By Manny Otiko, California Black Media
This Wednesday, when Supreme Court Justice Sonia Sotomayor swears in former California Sen. Kamala Harris as vice president, she will make history for several reasons. Harris – who was born in Oakland and spent part of her childhood in Berkeley — will become the first woman and the first person both of Black and Asian descent to assume the second-highest political office in the United States.
“With just a few days left, I am anticipating seeing Kamala raise her hand and take the oath to become the most powerful woman in American history. I am so honored. She is ready and able. And she is a sister, a good friend and an inspiration to so many people here in California and to so many more Americans,” said Amelia Ashley-Ward, the publisher of the San Francisco Sun Reporter, the city’s largest and oldest African American newspaper.
Ward, who has been friends with Harris for decades now, says it seems “like yesterday” when Harris began running for district attorney 18 years ago. At that time, people in San Francisco told her to drop out because she was not prepared.
“It was unheard of in this city for a Black woman to challenge the status quo and win. She did it and remained true to who she is,” said Ward. “From district attorney to attorney general to United States senator, to running for the presidency, then becoming vice president. I will be watching, inspired, and in tears, with a heart full of joy.”
As Harris, who has represented California in the Senate for four years now, prepares to ascend to the vice presidency, she enters the White House at a time when the country is fraught with division and uncertainty. A raging pandemic has been sending shocks through the economy over the past 11 months. And the country is unsettled in the throes of an ongoing reckoning on race expressed partially by riots that erupted last summer after a Minnesota police officer violently killed George Floyd, an unarmed Black man. On top of those crises, far right-wing groups, which have been resurging across the country for more than a decade now, have been organizing protests with threats of violence opposing the election of Vice President-elect Joe Biden and Harris.
On Jan. 6, a violent mob of President Donald Trump’s supporters, including some trained military personnel and law enforcement officers, stormed the U.S. Capitol. The violent riot resulted in five deaths, including the murder of a police officer, the
evacuation of members of the U.S. Congress and significant damage to the historic building.
As a result of the mayhem at the site where Biden and Harris will be sworn in, the inauguration is being held under tight security. Some 20,000 national guard troops have descended on Washington, D.C., to harden the city and the Capitol building against potential attacks. Much of the National Mall will be closed on Inauguration Day. D.C. Mayor Muriel Bowser has told people to stay away from the inauguration because of COVID-19. She also asked federal authorities to cancel demonstration permits for security reasons.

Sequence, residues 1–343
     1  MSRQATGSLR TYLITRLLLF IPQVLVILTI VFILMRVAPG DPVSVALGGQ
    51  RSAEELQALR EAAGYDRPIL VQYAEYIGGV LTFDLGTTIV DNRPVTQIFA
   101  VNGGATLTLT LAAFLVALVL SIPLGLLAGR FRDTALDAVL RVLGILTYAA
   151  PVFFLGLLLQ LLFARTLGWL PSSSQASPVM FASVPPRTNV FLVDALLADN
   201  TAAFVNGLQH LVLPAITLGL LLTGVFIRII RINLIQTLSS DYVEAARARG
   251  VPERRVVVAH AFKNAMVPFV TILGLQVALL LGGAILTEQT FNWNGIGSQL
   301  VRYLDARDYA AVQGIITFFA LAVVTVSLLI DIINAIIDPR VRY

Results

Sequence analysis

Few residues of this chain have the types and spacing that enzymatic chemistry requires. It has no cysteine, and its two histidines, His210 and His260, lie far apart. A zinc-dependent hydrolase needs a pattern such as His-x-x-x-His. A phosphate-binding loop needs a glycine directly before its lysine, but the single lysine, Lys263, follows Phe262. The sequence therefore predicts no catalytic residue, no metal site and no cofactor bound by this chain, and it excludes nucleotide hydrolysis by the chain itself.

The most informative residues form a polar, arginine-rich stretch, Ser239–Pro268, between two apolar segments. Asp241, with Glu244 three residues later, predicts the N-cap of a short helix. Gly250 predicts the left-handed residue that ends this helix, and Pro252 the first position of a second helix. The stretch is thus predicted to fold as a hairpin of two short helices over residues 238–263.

Harris, who has said she supports having the swearing-in ceremony outside of the Capitol despite security concerns, says Americans should not be defeated by the people who attacked the building that symbolizes American democracy around the world.
“No matter what challenges we face, democracy will always win,” Harris tweeted last week.
This year’s scaled-back inauguration will be broadcast on TV and online and includes a number of events leading up to the main ceremony, including a virtual “We The People” concert hosted by actors Keegan-Michael Key and Debra Messing that was held Sunday night. On Martin Luther King Day, a “National Day of Service” featuring speakers and encouraging people to volunteer across America was held. On the day before Harris and Biden are sworn in, a lighting ceremony is being held in Washington, D.C., and across the country to honor Americans who have died of COVID-19.
Becoming vice president of the United States is the culmination of a long political journey for Harris, whose father immigrated from Jamaica. Her mother, who is now deceased, was an immigrant from India. After completing two terms as district attorney of San Francisco in 2011, Harris was elected California attorney general in 2010, becoming the first African American and first woman to serve in the role. Harris was also the first person of South Asian descent to be elected to the United States Senate when she was sworn in as the junior United States Senator for California in 2017. At the time, she also made history as the second African American woman to serve in the Senate after Carol Moseley Braun, who represented Illinois from 1993 to 1999.
In the U.S. Senate, Harris served on the Homeland Security and Governmental Affairs Committee, the Select Committee on Intelligence, the Committee on the Judiciary and the Committee on the Budget.
Harris is married to attorney Doug Emhoff, who is based in the Los Angeles area and will become a law professor at Georgetown University when he moves to Washington with Harris this week. Emhoff, who is Jewish, has two children from a previous marriage.
Rep. Karen Bass (D-CA-37), who was chair of the Congressional Black Caucus (CBC) until this month, looked at Harris’s record. She said Harris has “fought long and hard on behalf of Californians everywhere both in Washington, D.C. and Sacramento.”
Harris will be a member of the CBC until Wednesday.
“Congratulations on becoming this nation’s first woman of color to be elected to serve as vice president,” Bass said in a statement. “Your tenacious pursuit of justice and relentless advocacy for the people is exactly what this country needs right now. California is better because of your work as attorney general and stronger because of your work as a senator. Now, all Americans will benefit from your work as vice president. We know you will make us proud as you always have.”